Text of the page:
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review 2018-02-23 14:57
A joy of a novel recommended to fans of Pride and Prejudice. Excellent for book clubs.
The Elizabeth Papers - Jenetta James,Christina Boyd,Zorylee Diaz-Lupitou

I was introduced to the work of this author via a collection of stories called Dangerous to Know: Janes Austen’s Rakes & Gentlemen Rogues Ed. by Christina Boyd, which I loved, and had also read a number of reviews of this novel, as it had won the Rosie’s Book Team Review award for historical fiction 2016, and I am a member of the group but hadn’t read it at the time. When the editor of the collection offered to put me in touch with some of the authors featured, I jumped at the opportunity and was lucky enough that Ms. James offered me an ARC copy of her book.

I’ve seen this book defined as a ‘sequel’ of Pride and Prejudice, and I guess in some way it is, as it follows on from the events on that novel, and we get to revisit quite a few of the characters in the previous one (especially Elizabeth Darcy, née Bennett, Fitzwilliam Darcy, and their family, although also Elizabeth’s sisters, mother, and Darcy’s sister Georgiana, and his friends and relatives). The story goes beyond that, moving across several generations, and the storyline is divided into two timelines, one in the Regency period (in the 1820s) and one much more recent, 2014. In the present time, we meet Evie, a young painter preparing her first exhibition and coping as best she can with a tragic family situation, and Charlie, a private detective, handsome, charming (yes, he would have fitted into the role of a rogue if he was a character in the other timeframe), and unencumbered by concerns about morality, who is asked to dig into a possible irregularity in the terms of a trust fund set up a couple of centuries ago. The case sounds like a wild-goose chase, but Charlie is intrigued, at first by the case, and later by Evie.

The author alternates chapters that share Elizabeth’s diary, written in the first person (and some of Darcy’s ‘official’ letters), with chapters set up in the present, from Evie’s and Charlie’s points of view, but written in the third person (there are some later chapters from other minor character’s point of view, that help round the story up and give us a larger perspective). This works well because readers of Pride and Prejudice (and, in my case, it’s my favourite Jane Austen’s novel) will already be familiar with the characters and will jump right into the thoughts and feelings of Elizabeth. I felt as if I had stepped back into the story, and although the events are new (as they happen after the couple has been married for a few years); I felt they fitted in perfectly with the rest of the narrative, and the characters were consistent and totally believable. Yes, they love each other. Yes, Darcy is still proud and headstrong at times. Elizabeth is aware of her family’s shortcomings and wonders at times why her husband puts up with her relations. She also doubts herself and can be annoyed at what she perceives as Darcy’s lack of communication. With all their humanity and their imperfections, they feel so true to the characters Austen created that they could have come out of her pen.

The modern part of the story provides a good reflection on how things have changed for the family, the house, and society in general. It also allows us to think about family, legacy, and heritage. How many family secrets have been buried over the years! While the characters have only a few traces and clues to follow, the readers have the advantage of accessing Elizabeth’s diary, but the truth is not revealed until very late in the novel (although I suspect most of us would have guessed, at least the nature of the truth, if not the details), and however convinced we might be that we are right, can one ever be sure about the past?

The writing is perfectly adapted to the style of the era, not jarring at all, and the historical detail of the period is well observed and seamlessly incorporated into the story (rather than shoehorned in to show the extent of the author’s research). The author’s observational skills are also put to great use in the modern story, and create a vivid and vibrant cast and background for the events. The pace and rhythm of the novel alternate between the contemplative moments of the characters, in the past and the present (emotions run high and characters question their behaviour and feelings), and the excitement of the search for clues and the discovery of new documents and evidence. The settings are brought to life by the author, and I particularly enjoyed visiting London with the modern day characters. Although there are love and romance, there are no explicit sex scenes, and, in my opinion, the book is all the better for it.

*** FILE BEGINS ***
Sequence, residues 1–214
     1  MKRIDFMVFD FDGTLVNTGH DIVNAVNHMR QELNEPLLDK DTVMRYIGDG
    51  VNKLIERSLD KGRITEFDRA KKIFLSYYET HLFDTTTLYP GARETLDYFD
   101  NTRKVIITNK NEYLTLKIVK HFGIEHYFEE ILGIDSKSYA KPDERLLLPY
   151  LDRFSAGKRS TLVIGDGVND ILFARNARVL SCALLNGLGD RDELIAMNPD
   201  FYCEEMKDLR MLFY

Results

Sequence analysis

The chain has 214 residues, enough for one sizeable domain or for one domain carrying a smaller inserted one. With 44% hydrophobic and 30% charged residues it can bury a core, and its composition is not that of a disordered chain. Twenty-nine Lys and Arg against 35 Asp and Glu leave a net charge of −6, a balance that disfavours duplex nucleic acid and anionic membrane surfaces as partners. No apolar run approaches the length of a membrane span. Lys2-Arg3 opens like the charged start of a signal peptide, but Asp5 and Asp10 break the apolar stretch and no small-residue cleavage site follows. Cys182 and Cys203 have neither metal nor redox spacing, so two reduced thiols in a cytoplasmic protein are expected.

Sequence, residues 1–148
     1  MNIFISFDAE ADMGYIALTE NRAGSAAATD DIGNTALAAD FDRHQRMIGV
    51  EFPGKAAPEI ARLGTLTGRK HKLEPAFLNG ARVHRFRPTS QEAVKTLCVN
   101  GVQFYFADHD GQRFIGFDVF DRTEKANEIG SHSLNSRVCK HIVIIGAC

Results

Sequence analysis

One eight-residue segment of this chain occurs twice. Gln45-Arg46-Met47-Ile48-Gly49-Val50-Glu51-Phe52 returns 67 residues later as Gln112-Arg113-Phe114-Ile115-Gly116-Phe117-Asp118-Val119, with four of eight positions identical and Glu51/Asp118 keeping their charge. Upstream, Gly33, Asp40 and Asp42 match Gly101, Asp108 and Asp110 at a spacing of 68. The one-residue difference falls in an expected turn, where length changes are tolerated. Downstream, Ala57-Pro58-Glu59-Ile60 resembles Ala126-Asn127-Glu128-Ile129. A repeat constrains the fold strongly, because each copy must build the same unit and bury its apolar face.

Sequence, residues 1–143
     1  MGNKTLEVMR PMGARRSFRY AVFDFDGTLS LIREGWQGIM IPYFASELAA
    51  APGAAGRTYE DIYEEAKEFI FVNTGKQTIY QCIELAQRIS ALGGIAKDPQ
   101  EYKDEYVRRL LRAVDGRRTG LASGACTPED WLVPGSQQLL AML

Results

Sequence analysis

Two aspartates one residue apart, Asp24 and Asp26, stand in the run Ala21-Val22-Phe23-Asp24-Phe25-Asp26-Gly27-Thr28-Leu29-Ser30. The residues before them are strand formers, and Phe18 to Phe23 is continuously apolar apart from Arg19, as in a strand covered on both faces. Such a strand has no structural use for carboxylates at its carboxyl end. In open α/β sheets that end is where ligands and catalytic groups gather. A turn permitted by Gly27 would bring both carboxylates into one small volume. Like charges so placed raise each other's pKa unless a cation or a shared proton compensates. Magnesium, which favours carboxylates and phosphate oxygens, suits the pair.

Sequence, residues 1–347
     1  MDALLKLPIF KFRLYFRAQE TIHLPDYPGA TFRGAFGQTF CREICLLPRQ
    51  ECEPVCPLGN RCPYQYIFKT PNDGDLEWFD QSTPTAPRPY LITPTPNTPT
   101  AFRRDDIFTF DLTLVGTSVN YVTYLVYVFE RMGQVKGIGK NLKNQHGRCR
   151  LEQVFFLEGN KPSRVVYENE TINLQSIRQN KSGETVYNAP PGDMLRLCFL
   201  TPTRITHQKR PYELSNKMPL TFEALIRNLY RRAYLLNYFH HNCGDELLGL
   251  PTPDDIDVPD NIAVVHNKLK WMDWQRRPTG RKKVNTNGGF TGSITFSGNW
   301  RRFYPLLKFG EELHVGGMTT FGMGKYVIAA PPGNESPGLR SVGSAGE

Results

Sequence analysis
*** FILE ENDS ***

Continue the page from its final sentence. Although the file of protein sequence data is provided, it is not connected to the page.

A couple of lines I highlighted:

To know him so well and still to be touched by him in darkness and light is surely the greatest fortune of all.

While fans of Austen will, no doubt, enjoy the parts set in the XIX century, the modern section of the novel is an attractive mystery/romance in its own right. I am not a big fan of love-at-first-sight stories, and I must warn you that there is some of that here, at least for Charlie, who is mesmerised by Edie from the very first time he meets her, but he does not have the same effect on her. In fact, he has information about her already (it is not a situation of love is blind), and he is taken by surprise as she is not what he expected. As we learn more about both of their stories, it is easy to see why he would feel attracted to her and her circumstances, as they are quite similar to his own. He was pushed into a business of dubious morality to help his family, and she has also had to cope with family tragedy, but in her case, she had the advantage of the Darcy Trust Fund. They are not copycats of Darcy and Elizabeth, but they complement each other well and bring out the best in each other. The rest of the characters in the modern era don’t play big roles but they are endowed with individual touches that make them relatable and distinctive.

The ending is left to the observation of one of the minor characters, allowing for readers to use their imagination rather than elaborate the point.

I thoroughly enjoyed this novel that is beautifully written, with compelling characters (I fell in love with Elizabeth and Darcy once again) and a joy for any of Austen’s fans. I don’t think it is necessary to be a connoisseur of Pride and Prejudice to enjoy this novel (as most people are bound to have seen, at least, an adaptation of the story, and there are references to the main plot points scattered throughout the book) but my guess is that many people who read it will go back and read Austen again. And will look forward to more of James’s books. I surely will.

(Ah, the book has a series of questions and answers at the end that makes it an eminently suitable read for book clubs).

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review 2018-01-28 17:44
Review of Pride and Prejudice by Jane Austen
Pride and Prejudice - Jane Austen,Anna Quindlen